Seems to me like we are in the widest part of the arc these days with…analytics. Maybe the better word is “metrics”. Or maybe “algorithms”.
Oh, shoot – let’s just say “math”, shall we?
I continually hear stories about how organizations are driving accountability by taskifying every single function of every single employee and then measuring them according to an allegedly quantifiable “goal”, though if you ask me there are so many things at work which just cannot be quantified.
Such as creating strong relationships with customers.
Such as mentoring the next generation.
Such as being a genuinely nice person.
I have railed against the Tyranny of the Bean Counters for some time. But in some ways I get it, I really do.
I realize that there are some people for whom nothing is real unless they can see it, touch it, taste it – and make a little check mark signifying that it’s been documented.
And I know there are some people who are deeply suspicious and are certain that everyone would take advantage of lax supervision and become total slackers if given half a chance. [because, perhaps, they fear that this is what they would do in that circumstance. Just sayin'.]
And then there are those who have worked for large consulting firms, which take bean counting to a whole new, quite expensive level.
These folks represent the far part of the pendulum’s arc and have created a unrelenting emphasis on quantification and numbers. But it’s my fervent hope that at some point the pendulum swings back and rests at the middle point, where there are good goals – but also where the unmeasurable is valued and appreciated.
Because, in the end, success is not driven by numbers but by meaning.
A recent study led by Yale professor Amy Wrzesniewski and Swarthmore professor Barry Schwartz looked at motivation using a group of 11,320 West Point cadets. They wanted to learn if the most successful people are driven by an internal motive, or by what they call an “instrumental” or external motive, or a combination of the two.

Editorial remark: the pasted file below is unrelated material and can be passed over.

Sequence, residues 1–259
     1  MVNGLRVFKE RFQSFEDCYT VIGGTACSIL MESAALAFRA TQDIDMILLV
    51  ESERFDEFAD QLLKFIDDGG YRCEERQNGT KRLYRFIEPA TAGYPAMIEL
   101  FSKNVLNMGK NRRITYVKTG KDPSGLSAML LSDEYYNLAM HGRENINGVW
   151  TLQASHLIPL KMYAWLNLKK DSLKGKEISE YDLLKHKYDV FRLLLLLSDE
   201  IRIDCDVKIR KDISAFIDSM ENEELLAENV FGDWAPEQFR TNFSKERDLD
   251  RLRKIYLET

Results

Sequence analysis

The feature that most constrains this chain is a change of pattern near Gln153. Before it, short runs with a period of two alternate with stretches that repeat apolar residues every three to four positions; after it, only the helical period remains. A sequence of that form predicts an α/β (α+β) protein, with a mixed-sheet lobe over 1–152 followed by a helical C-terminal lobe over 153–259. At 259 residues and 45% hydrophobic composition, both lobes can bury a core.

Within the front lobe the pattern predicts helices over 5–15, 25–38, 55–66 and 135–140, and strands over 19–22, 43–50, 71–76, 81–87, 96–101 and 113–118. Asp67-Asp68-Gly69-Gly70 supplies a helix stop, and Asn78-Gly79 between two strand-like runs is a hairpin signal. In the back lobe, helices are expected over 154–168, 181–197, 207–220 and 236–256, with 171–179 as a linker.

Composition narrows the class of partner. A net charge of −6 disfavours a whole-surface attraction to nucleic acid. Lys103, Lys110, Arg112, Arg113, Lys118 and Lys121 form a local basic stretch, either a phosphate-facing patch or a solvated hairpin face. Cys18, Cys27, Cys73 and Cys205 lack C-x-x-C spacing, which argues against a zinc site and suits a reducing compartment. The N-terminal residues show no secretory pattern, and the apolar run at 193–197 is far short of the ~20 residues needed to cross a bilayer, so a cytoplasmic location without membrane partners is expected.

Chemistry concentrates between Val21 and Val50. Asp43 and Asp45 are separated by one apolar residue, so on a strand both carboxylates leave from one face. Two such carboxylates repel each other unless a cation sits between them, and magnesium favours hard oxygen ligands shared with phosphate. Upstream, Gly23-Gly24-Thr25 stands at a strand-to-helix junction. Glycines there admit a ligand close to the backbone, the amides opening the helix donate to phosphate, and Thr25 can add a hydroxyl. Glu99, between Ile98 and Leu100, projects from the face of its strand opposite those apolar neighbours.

One might think that successful people have a perfect balance of internal and instrumental motives. They care about their work, and they care about getting the corner office – doesn’t that sound like the right mix?
But, guess what? The study showed something…different.
People who are motivated solely by what others will think, or how much money they will make – instrumental motives – tend to be unsuccessful over time than those who are internally driven.
So, what if you have a blend of both internal and instrumental motives?
“Remarkably, cadets with strong internal and strong instrumental motives for attending West Point performed worse on every measure than did those with strong internal motives but weak instrumental ones. They were less likely to graduate, less outstanding as military officers and less committed to staying in the military,” say the study authors.
Now, back to the bean counters.
This study clearly shows that they’ve got it all wrong. Giving people better job titles, more money, the corner office as a prod for increased performance? Not going to work.
OK, maybe you get some short-term results – and you can certainly check a box off a list – but over the long-term your organization won’t really be successful because you’ve transformed internal motives into instrumental ones, which are ultimately much, much weaker.
The researchers say, “Rendering an activity more attractive by emphasizing both internal and instrumental motives to engage in it is completely understandable, but it may have the unintended effect of weakening the internal motives so essential to success.”
Meaning. Purpose. Learning. Growth. This is what we all need to be successful.
So, if you want success, transform your focus. Shift your own personal internal motives – the Big Why of why you’re doing whatever it is you’re doing – toward what it means, how it helps, what you learn, how you grow.
And if by chance you have the power to transform an entire organization, get cracking on amping up theses collective senses in your people – starting from the top right on down.
Because, “Our study suggests that efforts should be made to structure activities so that instrumental consequences do not become motives. Helping people focus on the meaning and impact of their work, rather than on, say, the financial returns it will bring, may be the best way to improve not only the quality of their work but also — counterintuitive though it may seem — their financial success.”
And so the pendulum begins to swing back.